FEATURE: Poems of Emperor Meiji now in English after more than 30 years of work

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Anglophone readers can now appreciate 100 classic poems by Emperor Meiji (1852-1912) thanks to more than 30 years of translation work by Harold Wright, an American scholar of Japanese literature who was a student of the late Japanologist Donald Keene.

Released in Japan last month, the collection of poems in “Bridge on the Shikishima Way” brings to life the feelings of an emperor who lived in an era where tradition and modernity intersected, with Japan transforming from a feudal state during his reign.

Photo taken on August 24, 2022, shows “Bridge on the Shikishima Way”, featuring poems by Emperor Meiji and their English translation. (TBEN)

“Emperor Meiji was not only a thoughtful emperor to his people, but also a gifted poet…(who) deeply felt that the world should live in peace with deeper feelings of international understanding,” said Wright, who is now a professor emeritus . Japanese Language and Literature at Antioch College in Ohio in the United States.

Emperor Meiji. (TBEN)

This year marks the 110th anniversary of the death of Emperor Meiji, who composed some 100,000 poems during his lifetime, many of which contain a wish for peace.

One particular poem lamenting the outbreak of war between Japan and Russia in 1904 is said to have moved then-U.S. President Theodore Roosevelt, who led the signing of the Treaty of Portsmouth that formally ended the Russo-Japanese War the following year. war.

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It was our belief

that all the oceans of the world

were born of one mother,

so why do the wind and the waves?

now rise up in furious rage?

The poem was read in September 1941 by Emperor Hirohito, grandson of Emperor Meiji, known posthumously as Emperor Showa, to express his desire for peace at a conference involving the Japanese government and military leaders, at which Japan decided it would was going to war against the United States just three months before the Pacific War began.

In addition to prayers to the gods – a tradition of the Imperial family – the 100 ‘waka’ poems contain sentiments about international goodwill and war, as well as the lives of the people, with some rich in emotion.

Not tired of watching

cherry blossoms in the hills

on spring days,

even after nightfall

we still see them in our minds.

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Waka poetry was developed in the sixth century by the court aristocracy. A “tanka” poem, which is typically synonymous with waka, consists of 31 syllables in a pattern of 5-7-5-7-7.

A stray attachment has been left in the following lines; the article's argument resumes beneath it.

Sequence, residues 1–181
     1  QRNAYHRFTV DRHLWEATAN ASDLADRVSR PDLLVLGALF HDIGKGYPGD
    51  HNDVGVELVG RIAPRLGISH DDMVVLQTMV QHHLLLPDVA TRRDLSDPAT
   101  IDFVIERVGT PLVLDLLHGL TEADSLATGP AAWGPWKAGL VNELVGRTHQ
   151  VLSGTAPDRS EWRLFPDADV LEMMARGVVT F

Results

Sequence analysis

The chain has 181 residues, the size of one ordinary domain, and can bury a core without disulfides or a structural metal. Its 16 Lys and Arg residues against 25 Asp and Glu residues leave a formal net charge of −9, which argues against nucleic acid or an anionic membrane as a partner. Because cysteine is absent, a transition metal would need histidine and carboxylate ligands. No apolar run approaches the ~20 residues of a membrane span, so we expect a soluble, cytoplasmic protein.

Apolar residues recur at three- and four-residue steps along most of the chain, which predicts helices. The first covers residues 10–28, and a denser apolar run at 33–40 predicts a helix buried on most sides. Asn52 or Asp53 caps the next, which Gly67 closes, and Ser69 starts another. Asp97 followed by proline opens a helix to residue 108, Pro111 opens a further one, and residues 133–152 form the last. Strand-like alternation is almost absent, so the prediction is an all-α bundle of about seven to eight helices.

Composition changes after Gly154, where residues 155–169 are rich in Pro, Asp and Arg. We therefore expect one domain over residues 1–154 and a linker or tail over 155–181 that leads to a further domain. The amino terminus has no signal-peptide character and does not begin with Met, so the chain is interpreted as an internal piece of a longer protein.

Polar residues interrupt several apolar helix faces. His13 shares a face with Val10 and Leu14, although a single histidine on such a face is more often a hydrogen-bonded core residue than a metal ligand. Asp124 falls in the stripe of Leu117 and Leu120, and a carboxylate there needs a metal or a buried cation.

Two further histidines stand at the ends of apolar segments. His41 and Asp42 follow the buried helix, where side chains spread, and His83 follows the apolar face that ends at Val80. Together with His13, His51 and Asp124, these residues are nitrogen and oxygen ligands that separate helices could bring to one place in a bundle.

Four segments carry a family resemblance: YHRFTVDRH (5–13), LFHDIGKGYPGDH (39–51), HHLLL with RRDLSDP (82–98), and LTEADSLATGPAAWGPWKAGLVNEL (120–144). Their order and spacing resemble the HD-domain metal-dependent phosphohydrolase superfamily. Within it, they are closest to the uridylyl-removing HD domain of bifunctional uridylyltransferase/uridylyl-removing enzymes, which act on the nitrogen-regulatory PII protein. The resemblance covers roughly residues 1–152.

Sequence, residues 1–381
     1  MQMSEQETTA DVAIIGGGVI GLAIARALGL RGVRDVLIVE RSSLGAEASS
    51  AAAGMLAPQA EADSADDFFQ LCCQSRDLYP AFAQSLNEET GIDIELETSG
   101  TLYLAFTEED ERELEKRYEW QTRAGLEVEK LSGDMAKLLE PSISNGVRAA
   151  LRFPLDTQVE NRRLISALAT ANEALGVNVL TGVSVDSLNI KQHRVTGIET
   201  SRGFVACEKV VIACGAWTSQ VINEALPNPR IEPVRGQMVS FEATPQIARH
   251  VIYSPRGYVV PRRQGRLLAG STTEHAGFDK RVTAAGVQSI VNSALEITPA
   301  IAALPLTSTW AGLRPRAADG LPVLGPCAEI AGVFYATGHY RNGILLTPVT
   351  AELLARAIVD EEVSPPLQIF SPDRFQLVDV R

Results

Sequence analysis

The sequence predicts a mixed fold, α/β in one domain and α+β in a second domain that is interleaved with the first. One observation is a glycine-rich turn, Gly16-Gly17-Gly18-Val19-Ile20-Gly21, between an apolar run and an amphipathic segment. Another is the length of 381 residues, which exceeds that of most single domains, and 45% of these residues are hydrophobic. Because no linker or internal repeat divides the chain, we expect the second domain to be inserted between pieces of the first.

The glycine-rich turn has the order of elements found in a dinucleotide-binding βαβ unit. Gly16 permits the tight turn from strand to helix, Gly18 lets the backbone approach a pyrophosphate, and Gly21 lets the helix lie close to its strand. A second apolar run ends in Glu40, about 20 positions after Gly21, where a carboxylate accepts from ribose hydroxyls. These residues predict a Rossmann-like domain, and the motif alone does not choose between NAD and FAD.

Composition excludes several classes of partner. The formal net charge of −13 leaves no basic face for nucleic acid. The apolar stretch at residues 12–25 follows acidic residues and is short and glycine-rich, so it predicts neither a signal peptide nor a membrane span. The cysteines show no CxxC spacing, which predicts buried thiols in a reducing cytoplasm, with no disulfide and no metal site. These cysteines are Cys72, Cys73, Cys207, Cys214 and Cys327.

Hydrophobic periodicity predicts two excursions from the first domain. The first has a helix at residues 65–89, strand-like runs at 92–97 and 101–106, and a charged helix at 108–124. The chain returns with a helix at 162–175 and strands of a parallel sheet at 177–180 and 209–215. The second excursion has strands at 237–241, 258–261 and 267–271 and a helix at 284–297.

The idea of ​​translating imperial poems into English arose in 1964, the year of the first Tokyo Olympics. Shinichiro Takasawa, who would later become Chief Priest of the capital’s Meiji Jingu Shrine dedicated to Emperor Meiji, wanted to welcome international guests with some poems by the Emperor and his wife Empress Shoken as some game-related events were to be held on the grounds of the sanctuary.

After deliberation, Keene introduced Wright, who at the time was a Fulbright scholar of Japanese poetry at Keio University, as a translator. In 1982, Wright received another request to translate more manuscripts of Imperial poetry, which he later worked on while working in Antioch.

Included photo shows Harold Wright, an American scholar who translated poems by Emperor Meiji, in Tokyo on November 6, 2017. (Photo courtesy of Meiji Jingu Shrine) (TBEN)

Wright conducted extensive research into Japanese history, culture and religion, striving to stay true to the original rhythm of each poem while maintaining a balance between meaning and imagery in a manner consistent with the foundations of English poetry. .

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Each poem took several months, and in some cases a year, to translate, with Wright repeatedly reading aloud both the original Japanese and English translations to check the cadence.

“The most important feeling I had when I completed the translations was a deep sense of gratitude that at this advanced age I could finally finish the important work that was asked of me so many years ago,” said Wright, who turned 91. this year.

Kazuhiro Nagata, a waka poet and cell biologist, said in his commentary on the book that it would help spread knowledge of the traditional poetic form and its long history, a “supported by the Imperial family and the people of Japan.”

“That is to say, this opportunity for readers around the world to experience the roots of Japanese culture should be of immense importance,” Nagata said.


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